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Rainham reverse

1 : 21120 This rough triangulation diagram of southern England was draughted in the field to augment the angle and distance measurements recorded in the Ordnance Survey Field Books. Angular observations were made using a theodolite to measure the relative height of the land and plot individual topographical features. Triangulation points were usually at sites elevated above the surrounding landscape, often hilltops and church towers.
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Surria vernacule Surrey

1 : 220000 [Amstelodami] : [apud Joannem Janssonium]
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Suthsexia vernacule Sussex

1 : 240000 Amstelodami : apud Joannem Janssonium
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Bouche de la Tamise

1 Karte : Kupferdruck ; 22 x 28 cm Le Rouge Georges Louis Le Rouge
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Kent

Stent, Peter, Symonson, Philip and Whitwell, Charles Ordnance Survey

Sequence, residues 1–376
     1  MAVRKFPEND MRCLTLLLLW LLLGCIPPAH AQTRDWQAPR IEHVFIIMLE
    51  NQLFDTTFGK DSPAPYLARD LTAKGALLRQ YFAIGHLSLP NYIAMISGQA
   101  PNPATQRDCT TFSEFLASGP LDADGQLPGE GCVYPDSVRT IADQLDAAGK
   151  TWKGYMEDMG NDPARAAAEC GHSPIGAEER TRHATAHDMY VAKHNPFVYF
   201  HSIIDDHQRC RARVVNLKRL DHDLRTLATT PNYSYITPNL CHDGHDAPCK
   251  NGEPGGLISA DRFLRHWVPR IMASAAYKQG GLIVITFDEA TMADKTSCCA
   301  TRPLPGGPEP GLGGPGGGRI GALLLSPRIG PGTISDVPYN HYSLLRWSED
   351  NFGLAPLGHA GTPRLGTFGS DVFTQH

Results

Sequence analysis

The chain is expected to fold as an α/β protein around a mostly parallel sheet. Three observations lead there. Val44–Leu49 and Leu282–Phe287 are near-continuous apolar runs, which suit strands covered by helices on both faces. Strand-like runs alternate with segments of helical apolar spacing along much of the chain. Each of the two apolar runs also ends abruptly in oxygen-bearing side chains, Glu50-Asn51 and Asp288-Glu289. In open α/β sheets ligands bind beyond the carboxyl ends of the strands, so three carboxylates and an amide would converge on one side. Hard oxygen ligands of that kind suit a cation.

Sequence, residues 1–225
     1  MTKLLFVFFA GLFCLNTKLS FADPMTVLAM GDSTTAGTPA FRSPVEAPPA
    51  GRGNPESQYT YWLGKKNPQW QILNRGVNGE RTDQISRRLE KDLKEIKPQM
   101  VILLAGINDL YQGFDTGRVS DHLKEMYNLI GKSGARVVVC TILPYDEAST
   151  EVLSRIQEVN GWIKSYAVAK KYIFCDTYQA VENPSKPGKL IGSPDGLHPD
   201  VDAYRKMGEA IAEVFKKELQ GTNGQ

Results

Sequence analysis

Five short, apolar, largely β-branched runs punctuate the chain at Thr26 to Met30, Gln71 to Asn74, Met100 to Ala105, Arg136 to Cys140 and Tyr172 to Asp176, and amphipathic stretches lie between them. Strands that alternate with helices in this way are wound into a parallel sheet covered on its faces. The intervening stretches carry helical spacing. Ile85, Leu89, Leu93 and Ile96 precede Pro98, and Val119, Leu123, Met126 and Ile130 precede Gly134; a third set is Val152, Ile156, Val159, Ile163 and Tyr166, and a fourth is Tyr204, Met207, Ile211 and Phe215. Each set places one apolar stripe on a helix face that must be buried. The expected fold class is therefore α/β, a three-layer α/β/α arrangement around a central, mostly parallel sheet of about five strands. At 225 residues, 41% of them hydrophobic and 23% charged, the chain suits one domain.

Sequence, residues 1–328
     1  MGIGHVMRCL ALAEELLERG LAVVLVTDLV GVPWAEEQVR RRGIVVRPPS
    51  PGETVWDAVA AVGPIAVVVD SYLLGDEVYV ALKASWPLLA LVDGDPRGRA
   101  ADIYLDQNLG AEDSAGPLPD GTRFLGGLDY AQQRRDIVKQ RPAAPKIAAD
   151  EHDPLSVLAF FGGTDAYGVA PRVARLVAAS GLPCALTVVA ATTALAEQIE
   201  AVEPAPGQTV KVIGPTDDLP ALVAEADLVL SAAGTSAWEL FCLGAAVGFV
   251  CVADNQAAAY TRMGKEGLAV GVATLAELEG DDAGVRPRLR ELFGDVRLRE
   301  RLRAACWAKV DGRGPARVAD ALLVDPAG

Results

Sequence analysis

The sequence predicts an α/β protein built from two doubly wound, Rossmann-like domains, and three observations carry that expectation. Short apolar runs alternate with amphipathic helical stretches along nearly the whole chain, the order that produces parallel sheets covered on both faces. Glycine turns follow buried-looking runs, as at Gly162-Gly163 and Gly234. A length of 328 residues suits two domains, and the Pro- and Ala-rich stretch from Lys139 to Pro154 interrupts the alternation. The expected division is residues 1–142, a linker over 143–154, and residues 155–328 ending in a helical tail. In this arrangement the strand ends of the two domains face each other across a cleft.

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delineation of the strata of England and Wales, with part of Scotland

1 : 320000 Blatt 11 Smith, William Cary
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Provincia di Kent

1 Karte : Kupferdruck ; 18 x 29 cm Zatta; Zuliani; Pitteri presso Antonio Zatta
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A map of the county of Kent

1 Karte : Kupferdruck ; 49 x 70 cm Kitchin; Dury; Andrews; Herbert A. Dury
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An accurate map of the county of Kent

1 Karte : Kupferdruck ; 50 x 69 cm Bowen; Hinton sold by J. Hinton at the Kings Arms in St. Pauls Church Yard
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Cantivm vernacule Kent

1 Karte : Kupferdruck ; 37 x 51 cm Blaeu Joan Blaeu
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CANTIVM | Vernacule | KENT.